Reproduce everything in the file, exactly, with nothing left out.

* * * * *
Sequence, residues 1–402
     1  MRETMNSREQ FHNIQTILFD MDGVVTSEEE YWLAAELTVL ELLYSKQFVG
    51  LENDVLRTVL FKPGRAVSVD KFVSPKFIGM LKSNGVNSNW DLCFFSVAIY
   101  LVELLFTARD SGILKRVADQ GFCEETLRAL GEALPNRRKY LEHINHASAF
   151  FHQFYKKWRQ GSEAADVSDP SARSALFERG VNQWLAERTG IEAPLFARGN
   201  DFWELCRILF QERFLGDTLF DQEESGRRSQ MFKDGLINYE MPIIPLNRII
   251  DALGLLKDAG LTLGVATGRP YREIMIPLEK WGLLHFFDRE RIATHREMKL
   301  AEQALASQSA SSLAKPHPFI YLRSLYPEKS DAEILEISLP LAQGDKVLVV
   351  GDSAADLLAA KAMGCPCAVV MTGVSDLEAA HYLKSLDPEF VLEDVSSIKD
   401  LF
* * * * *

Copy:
Sequence, residues 1–402
     1  MRETMNSREQ FHNIQTILFD MDGVVTSEEE YWLAAELTVL ELLYSKQFVG
    51  LENDVLRTVL FKPGRAVSVD KFVSPKFIGM LKSNGVNSNW DLCFFSVAIY
   101  LVELLFTARD SGILKRVADQ GFCEETLRAL GEALPNRRKY LEHINHASAF
   151  FHQFYKKWRQ GSEAADVSDP SARSALFERG VNQWLAERTG IEAPLFARGN
   201  DFWELCRILF QERFLGDTLF DQEESGRRSQ MFKDGLINYE MPIIPLNRII
   251  DALGLLKDAG LTLGVATGRP YREIMIPLEK WGLLHFFDRE RIATHREMKL
   301  AEQALASQSA SSLAKPHPFI YLRSLYPEKS DAEILEISLP LAQGDKVLVV
   351  GDSAADLLAA KAMGCPCAVV MTGVSDLEAA HYLKSLDPEF VLEDVSSIKD
   401  LF